Homeless rally in Annapolis New legislation brings forth hope

February 10, 1993|By Laura Lippman | Laura Lippman,Staff Writer

Terry Burke, a 29-year-old woman who was homeless just six weeks ago, leaned across Del. Clarence Davis' desk and all but shook her finger in his face.

"Can you survive on $359 a month, with two children?" she asked, referring to her recently slashed welfare check. "Can you?"

Mr. Davis coolly assured her he could. But the 20-plus homeless people crammed into his Annapolis office knew that they had won a victory of sorts when the Baltimore City delegate then barked to a secretary: "Hold all those calls, please."

"But your bill is being heard," the secretary protested.

"Let it be heard," the delegate replied, turning his attention back to seldom-heard constituents.

In what has become a February ritual, more than 200 homeless men and women from throughout Maryland traveled to Annapolis yesterday to try their hand at lobbying.

They didn't have expense accounts or expensive suits. They were naive enough to leave a legislator's office without a commitment, green enough to garble a senator's name. But they were ready to talk.

"I get a kick out of expressing how I feel," said Yvonne Johnson, president of the tenants council at Rutland House, a transitional shelter in Baltimore City that is also home to Ms. Burke. "I can take it out on the person I want to take it out on."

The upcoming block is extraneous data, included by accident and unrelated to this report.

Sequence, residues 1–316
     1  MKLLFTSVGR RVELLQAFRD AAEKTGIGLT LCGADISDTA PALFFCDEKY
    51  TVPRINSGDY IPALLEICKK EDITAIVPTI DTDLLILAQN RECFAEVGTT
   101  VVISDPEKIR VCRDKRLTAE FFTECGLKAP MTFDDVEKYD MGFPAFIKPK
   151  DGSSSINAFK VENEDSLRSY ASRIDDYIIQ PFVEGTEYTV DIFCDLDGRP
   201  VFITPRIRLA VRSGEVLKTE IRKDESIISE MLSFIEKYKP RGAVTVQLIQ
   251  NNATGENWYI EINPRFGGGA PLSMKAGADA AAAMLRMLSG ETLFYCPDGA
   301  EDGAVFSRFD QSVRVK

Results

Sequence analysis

The homeless, the hungry and Maryland's poorest children do have registered lobbyists in Annapolis, working to advance bills supported by various nonprofit agencies. But over the past few years, the groups increasingly have relied on "real people" to put faces on their issues, at least one day per legislative session.

Already this year, there has been a children's day, with parents talking about programs that kept their families together. Last week, it was the Maryland Food Committee day, with 75 people who had used the state's anti-hunger programs.

But the homeless day, sponsored by Baltimore's Action for the Homeless Inc., is one of the largest and most vigorous gatherings. Yesterday, the 200 homeless men and women rode school buses to the capital, accompanied by social workers, activists and students.

They had a specific agenda: House Bill 1015, sponsored by Del. Howard P. Rawlings, a Baltimore City Democrat.

The law would expand a pilot prevention program, drawing on funds already in the 1994 budget. In 1992, the program helped 340 families find permanent housing.

Its sponsor gave a warm welcome to the lobbyists-for-a-day: "Too often, we see those in limousines -- the banking interests, the real estate interests, the big corporation interests, the hospital interests. But we don't hear from you," he told those gathered at a morning rally.

Afterward, in Mr. Davis' office, Ms. Walker knew she should get him to make a commitment to the bill, but it was difficult to control the meeting.

Initially shy and soft-spoken, the homeless men and women began firing questions at the delegate, demanding to know why vacant houses couldn't be renovated, or why money seized from drug dealers couldn't go to homeless services.

Mr. Davis was cordial, but he made no promises and he turned many of the questions back on his interrogators.

He wanted to know if these lobbyists were willing to work more than one day a year. "If you are prepared to go to war, I'm going to get down with you," he told them.

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